Gianna Trulli, left, husband John, daughter Daniella, son Marco and Connie Sirica, sister of Gianna, attend the Mass in houour of the deceased in Edmonton Catholic Cemeteries.


Gianna Trulli, left, husband John, daughter Daniella, son Marco and Connie Sirica, sister of Gianna, attend the Mass in houour of the deceased in Edmonton Catholic Cemeteries.

December 29, 2014

As they have done every month since the death of their beloved mother Veneranda Sirica last June, Gianna Trulli and her family were at the Holy Cross Mausoleum for Mass Dec. 20.

This Mass, though, was a bit different. It was a Christmas Mass for the dead presided by Archbishop Richard Smith.

The Mass, which the archbishop has celebrated for the last three years, is intended for people like the Trullis who have lost loved ones recently.

"Celebrating this Mass is very important to the archbishop because the first Christmas is very difficult for people that have lost someone; they feel like they can't celebrate Christmas," explained Deacon Paul Croteau, director of Edmonton Catholic Cemeteries.

"So the Mass gives them a chance to come and celebrate with the Eucharist; and we have Christmas trees here and we have the manger scene and we give them a safe place where they can come and grieve and still have their (Christmas) traditions."


Over 300 people attended the Mass, mingled over snacks and drinks and visited the mausoleum's large Christmas tree, which is filled with ornaments honouring the dead.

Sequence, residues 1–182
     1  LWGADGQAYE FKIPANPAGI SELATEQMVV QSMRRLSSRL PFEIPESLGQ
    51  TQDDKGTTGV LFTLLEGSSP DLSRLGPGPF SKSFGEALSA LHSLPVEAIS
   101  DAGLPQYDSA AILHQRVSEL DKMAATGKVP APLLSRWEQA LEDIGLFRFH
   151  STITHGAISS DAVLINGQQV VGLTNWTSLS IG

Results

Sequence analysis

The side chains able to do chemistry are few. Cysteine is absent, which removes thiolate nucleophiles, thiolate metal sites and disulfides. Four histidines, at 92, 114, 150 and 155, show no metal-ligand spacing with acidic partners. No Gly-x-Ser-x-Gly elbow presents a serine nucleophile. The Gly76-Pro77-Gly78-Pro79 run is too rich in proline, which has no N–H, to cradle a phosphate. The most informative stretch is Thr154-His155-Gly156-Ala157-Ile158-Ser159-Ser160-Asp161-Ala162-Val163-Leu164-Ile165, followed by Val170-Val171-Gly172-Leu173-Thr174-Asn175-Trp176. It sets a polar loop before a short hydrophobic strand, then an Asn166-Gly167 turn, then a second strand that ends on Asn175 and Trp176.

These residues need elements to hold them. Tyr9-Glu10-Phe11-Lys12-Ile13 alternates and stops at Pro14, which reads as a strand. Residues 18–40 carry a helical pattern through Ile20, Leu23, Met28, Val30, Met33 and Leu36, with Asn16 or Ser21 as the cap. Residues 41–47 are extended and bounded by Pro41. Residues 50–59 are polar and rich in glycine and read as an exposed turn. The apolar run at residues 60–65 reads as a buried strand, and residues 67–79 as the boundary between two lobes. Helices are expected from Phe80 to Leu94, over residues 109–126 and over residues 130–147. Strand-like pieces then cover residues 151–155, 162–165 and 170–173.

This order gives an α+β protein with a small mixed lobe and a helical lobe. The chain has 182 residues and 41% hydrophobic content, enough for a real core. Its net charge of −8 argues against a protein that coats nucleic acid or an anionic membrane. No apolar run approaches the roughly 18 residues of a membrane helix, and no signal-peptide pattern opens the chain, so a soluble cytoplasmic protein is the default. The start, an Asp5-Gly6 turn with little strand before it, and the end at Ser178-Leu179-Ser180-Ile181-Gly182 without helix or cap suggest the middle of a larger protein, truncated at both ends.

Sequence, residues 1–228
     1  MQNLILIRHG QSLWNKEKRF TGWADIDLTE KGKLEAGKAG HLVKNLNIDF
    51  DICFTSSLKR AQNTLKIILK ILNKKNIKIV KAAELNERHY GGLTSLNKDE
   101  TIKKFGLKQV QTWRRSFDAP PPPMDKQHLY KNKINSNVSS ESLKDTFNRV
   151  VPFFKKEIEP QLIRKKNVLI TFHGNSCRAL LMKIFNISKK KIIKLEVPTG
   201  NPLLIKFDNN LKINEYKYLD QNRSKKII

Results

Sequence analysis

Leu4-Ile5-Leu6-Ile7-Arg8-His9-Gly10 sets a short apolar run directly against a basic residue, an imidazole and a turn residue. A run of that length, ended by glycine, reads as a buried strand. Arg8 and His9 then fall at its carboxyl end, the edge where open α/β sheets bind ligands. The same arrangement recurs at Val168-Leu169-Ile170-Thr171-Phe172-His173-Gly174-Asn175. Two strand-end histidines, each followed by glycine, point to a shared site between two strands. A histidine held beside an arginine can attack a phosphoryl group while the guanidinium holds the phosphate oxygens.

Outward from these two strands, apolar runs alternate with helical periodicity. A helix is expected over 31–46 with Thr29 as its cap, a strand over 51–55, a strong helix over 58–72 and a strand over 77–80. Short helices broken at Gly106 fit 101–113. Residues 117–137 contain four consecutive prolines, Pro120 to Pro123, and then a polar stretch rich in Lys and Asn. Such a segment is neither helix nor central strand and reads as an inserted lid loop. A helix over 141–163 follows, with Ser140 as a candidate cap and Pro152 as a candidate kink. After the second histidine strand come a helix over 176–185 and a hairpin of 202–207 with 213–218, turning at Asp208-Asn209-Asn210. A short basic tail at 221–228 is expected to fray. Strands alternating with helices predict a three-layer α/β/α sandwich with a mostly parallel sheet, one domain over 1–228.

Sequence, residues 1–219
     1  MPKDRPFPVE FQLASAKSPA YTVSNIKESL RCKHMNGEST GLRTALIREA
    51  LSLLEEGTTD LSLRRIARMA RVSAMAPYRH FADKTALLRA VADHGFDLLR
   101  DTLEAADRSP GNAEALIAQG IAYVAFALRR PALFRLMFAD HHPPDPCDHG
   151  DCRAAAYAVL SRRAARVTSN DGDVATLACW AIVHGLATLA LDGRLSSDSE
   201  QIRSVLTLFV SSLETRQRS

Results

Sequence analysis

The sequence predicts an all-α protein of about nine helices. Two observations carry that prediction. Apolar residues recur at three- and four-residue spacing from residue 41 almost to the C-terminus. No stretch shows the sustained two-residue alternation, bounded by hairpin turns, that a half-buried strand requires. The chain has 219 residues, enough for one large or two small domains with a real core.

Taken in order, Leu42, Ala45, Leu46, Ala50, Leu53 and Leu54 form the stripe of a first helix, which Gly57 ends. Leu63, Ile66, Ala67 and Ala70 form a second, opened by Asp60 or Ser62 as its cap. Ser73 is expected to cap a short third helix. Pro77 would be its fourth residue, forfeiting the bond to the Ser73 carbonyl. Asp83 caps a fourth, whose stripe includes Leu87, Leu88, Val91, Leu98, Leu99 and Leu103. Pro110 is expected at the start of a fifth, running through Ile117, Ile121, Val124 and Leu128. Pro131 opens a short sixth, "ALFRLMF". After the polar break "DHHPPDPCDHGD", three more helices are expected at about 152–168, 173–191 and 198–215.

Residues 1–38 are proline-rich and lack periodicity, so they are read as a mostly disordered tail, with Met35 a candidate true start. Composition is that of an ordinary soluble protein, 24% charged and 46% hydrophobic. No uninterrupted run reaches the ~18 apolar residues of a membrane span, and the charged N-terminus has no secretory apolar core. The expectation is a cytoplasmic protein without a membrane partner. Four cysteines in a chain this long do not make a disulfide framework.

Accompanying Gianna Trulli this time were husband John Trulli and children Marco, 23, and Daniella, 17. Gianna's sister Connie Sirica also attended the Mass.

This Christmas is especially difficult for the family "because it's the first year without our mother," explained Gianna in an interview. "She loved to have all the family around for Christmas."

The Mass, she added, helped her reflect on the time she had with her mother and father.


Husband John said his mother-in-law was "a very nice lady" for whom family was everything. "She had a very nice personality and was always laughing and making jokes, so it was fun to get together."

Connie Sirica had to dry her tears a few times. "I think this Mass helps me grieve in my own way knowing that they are in a better place," she said. "But it's still hard because I lived with my mom (until her death)."

The Trullis and their extended family will still get together this year for Christmas at their mom's place – just like she would have wanted.

In his homily, the archbishop said the most wonderful time of the year can also be a difficult and challenging time for those who have lost loved ones.

In a moment like this, he said, we turn to the Lord because the Lord is the only one who can give us the words to heal as well as consolation and hope.

Even though a loss of a loved one is painful, at the same time Christmas is the reason for hope, Smith observed.

"Christmas prevents our sadness from becoming despair because it is in the birth of Christ the child to Mary in Bethlehem that salvation, the hope of eternal life, comes to us."

Leo Connelly and his son Paul, who is deaf, have been attending the monthly Saturday morning Mass ever since their wife and mother died in September 2012.

"Christmas is a very difficult time for us; I have not gotten used to it at all," Connelly said. "As a matter of fact as you get older, it becomes harder, I think."


Connelly comes to Mass to pray for his wife and to ask her to pray for him and his children. This Mass was special for him and his son. "It is great to see the archbishop here. Fortunately for us, the archbishop visited my wife when she was at the hospital and ministered Joan the last sacraments."

Joan Connelly loved Christmas, and so Leo and Paul have set up the Christmas tree the last two years without her. "We put a couple of ornaments this year that she used to like." They also placed ornaments in her honour at the mausoleum tree.